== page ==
Dr. Andrew Carrothers is an Assistant Professor of Finance at the Faculty of Business, the University of Prince Edward Island (UPEI). He currently teaches in the areas of corporate, international, personal, and entrepreneurial finance. He holds a PhD in Finance from McMaster University. His primary research interest is corporate governance, with a particular focus on hedge fund activism and executive compensation.

ELECTION AND IPOS DON’T MIX

by ARTEM DURNEV

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Election periods are characterized by elevated uncertainty – affecting taxes, state and federal contracts and wages – thus changing firms’ competitive positions. Given such political uncertainty, fewer privately held businesses are willing to go public and conduct Initial Public Offerings (IPOs) during election years.

Artem Durnev is an Assistant Professor of Finance, University of Iowa Faculty Council Member, University of Iowa Faculty Senate Member, Henry B. Tippie Research Fellow, Ph.D. Director at the Henry B. Tippie College of Business, University of Iowa, and an Associate Editor of International Review of Finance. Before joining the University of Iowa, he was an Assistant Professor at the Desautels Faculty of Management at McGill University (Montreal, Canada) and the University of Miami, Florida. His research interests are primarily focused on corporate finance, political cycles, governance, corporate social responsibility, and financial markets development.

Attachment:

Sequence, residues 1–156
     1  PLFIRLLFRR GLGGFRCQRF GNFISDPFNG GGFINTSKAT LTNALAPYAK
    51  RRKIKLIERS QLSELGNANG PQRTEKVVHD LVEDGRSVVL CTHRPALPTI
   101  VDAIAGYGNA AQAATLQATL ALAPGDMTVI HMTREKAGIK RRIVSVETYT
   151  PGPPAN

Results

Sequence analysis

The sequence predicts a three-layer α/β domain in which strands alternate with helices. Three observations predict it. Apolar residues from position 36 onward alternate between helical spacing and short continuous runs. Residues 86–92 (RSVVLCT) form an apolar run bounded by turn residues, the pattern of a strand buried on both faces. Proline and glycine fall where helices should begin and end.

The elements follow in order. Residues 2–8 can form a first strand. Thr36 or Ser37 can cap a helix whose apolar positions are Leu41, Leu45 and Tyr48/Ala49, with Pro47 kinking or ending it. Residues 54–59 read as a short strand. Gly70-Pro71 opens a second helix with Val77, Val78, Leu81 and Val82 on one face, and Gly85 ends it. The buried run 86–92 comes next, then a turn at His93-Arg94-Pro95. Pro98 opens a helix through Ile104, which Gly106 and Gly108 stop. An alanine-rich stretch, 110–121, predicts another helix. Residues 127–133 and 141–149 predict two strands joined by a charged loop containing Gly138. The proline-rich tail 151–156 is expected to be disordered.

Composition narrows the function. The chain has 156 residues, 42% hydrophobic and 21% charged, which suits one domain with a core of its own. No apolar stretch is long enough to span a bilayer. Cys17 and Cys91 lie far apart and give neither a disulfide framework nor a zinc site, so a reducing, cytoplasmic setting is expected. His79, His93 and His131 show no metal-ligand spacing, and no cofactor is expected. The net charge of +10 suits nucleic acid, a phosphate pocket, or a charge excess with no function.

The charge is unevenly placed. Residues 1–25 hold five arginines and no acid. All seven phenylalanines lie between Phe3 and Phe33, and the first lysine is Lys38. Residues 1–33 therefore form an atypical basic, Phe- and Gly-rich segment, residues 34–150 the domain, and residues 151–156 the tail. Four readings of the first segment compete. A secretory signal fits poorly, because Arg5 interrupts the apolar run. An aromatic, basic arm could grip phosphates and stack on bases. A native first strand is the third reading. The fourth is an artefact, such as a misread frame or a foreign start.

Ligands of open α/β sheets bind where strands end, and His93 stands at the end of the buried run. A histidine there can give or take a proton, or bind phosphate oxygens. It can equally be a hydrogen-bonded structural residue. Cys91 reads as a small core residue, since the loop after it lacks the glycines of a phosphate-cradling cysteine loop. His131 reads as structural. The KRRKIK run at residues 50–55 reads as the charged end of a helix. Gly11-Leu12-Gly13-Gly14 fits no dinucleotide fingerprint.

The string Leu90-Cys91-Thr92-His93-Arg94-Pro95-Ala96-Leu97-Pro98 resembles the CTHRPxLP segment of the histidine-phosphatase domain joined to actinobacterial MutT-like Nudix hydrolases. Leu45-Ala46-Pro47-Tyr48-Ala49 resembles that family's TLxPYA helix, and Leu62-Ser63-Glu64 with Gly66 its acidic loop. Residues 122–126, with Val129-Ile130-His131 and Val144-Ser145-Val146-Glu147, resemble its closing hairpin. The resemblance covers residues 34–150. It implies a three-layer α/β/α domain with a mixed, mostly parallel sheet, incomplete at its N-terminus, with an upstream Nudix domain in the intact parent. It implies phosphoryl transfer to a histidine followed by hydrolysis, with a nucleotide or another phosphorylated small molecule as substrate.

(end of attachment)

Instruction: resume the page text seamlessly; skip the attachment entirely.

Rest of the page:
IMPACT OF ADOPTION OF INTERNATIONAL FINANCIAL REPORTING STANDARDS ON THE CANADIAN STOCK MARKETS

by SHAHID KHAN

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Canada adopted International Financial Reporting Standards (IFRS) in 2011. It has been argued that IFRS is a more principles-based set of accounting standards, which means they require accountants to take more responsibility for providing relevant accounting information. This research investigates the impact of IFRS adoption on the quality of earnings information released by firms listed on the Canadian stock exchanges

Dr. Shahid Khan is an Assistant Professor of Accounting at the Penn State University, Berks campus. He received his Ph.D. at the University of Calgary. His research interests are in the areas of the impact of International Financial Reporting Standards on the capital markets, accounting and international capital movement, information quality, and accounting standards. His research paper has been published in Accounting Perspectives.

fIRM FUNDAMENTAL VALUATION AND BEHAVIOURAL FINANCE

by MARK KAMSTRA